Chris
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MattFW
Member

Posts: 4


« Reply #24 on: July 10, 2003, 09:03:25 PM »

Interesting comments, again. I think what I'm seeing (perhaps due to misunderstanding, I admit :) is that RoS is encouraging what I believe is 'good behaviour' (that's where personal preference steps in). However, I don't personally see a need to apply rules to the things that it's applied them to, and feel that with the groups I play with at least, applying rules to it is inappropriate.

As a GM, I provide bonuses when I feel they're appropriate, and applying rules to that could just end up leading to an expectation of bonuses in various situations, which is a bit too rigid for me. I don't tend to gel with the concept that rules should be applied to character personality in that manner.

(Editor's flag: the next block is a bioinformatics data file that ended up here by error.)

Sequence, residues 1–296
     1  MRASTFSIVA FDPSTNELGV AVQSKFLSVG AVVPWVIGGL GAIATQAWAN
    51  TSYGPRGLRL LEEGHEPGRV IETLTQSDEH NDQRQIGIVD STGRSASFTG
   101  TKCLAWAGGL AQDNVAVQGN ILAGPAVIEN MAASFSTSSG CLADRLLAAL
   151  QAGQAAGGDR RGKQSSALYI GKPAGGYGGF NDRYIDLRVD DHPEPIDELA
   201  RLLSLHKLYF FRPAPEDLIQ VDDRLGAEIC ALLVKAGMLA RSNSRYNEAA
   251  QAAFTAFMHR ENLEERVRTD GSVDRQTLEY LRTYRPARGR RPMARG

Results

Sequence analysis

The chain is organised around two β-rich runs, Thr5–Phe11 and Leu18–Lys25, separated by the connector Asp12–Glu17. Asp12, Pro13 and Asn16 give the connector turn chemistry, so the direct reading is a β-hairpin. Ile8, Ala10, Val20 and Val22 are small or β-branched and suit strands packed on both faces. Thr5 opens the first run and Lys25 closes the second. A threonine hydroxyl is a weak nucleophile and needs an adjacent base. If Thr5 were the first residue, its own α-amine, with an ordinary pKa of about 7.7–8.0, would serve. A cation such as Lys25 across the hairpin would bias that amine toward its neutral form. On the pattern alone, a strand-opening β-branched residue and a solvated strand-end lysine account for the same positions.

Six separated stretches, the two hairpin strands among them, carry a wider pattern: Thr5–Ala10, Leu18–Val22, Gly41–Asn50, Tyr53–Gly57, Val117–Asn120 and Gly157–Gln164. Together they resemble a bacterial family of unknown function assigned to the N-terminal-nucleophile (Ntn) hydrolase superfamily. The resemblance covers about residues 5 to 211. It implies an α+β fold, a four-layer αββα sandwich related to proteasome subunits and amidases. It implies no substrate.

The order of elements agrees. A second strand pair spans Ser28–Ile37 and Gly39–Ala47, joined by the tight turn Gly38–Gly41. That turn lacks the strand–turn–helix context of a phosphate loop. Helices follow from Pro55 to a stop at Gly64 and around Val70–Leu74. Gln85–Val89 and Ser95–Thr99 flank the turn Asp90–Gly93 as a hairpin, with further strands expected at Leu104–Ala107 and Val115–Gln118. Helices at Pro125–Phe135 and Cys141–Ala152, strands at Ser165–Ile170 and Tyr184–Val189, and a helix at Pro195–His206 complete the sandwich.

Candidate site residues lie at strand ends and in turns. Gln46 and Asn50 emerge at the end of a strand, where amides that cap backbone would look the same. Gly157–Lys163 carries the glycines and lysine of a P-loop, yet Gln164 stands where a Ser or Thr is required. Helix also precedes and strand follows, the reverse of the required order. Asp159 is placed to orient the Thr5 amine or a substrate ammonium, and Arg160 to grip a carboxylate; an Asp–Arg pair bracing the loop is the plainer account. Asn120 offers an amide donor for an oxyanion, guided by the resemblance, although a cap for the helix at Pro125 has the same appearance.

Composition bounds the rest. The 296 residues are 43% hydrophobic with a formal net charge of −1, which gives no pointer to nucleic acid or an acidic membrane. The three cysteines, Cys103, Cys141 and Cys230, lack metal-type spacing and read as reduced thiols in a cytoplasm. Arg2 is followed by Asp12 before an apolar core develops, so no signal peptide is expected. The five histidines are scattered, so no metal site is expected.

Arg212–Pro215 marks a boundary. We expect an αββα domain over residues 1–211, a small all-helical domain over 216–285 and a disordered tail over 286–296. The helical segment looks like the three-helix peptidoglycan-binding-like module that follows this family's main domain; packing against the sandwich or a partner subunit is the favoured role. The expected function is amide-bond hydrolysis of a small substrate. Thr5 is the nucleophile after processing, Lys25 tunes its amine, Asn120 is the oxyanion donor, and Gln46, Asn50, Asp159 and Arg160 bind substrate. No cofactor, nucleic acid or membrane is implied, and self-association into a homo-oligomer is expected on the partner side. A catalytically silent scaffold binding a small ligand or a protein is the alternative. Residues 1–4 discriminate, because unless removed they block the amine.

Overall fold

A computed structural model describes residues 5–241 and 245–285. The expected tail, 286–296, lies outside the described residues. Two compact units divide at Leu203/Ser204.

The board game 'Scruples' has an odd rule whereby if you don't explain your motive for doing something clearly enough, you can be overruled and your reaction to a situation is deemed inappropriate for your own personality. It suits the game, but it's a gross oversimplification of human behaviour brought about by letting one person interpret someone else's motives. Applying rules to motivation seem similar to me. As a GM I can interpret people's actions, but I trust my players and I know that if someone tells me his character is going to do something, I know it fits the character. I don't really feel the need to try and use rules to enforce players playing their characters 'properly' because the player is the only one who really knows how to play the character.

Again, I guess I'm not really disagreeing with anything that's being said, I do feel that the way the combat system and SAs are presented will help encourage certain styles of play, but I also feel that they're a patched solution that would limit groups that handle all of that without hard and fast rules, so they suit some but not others (not a big surprise :).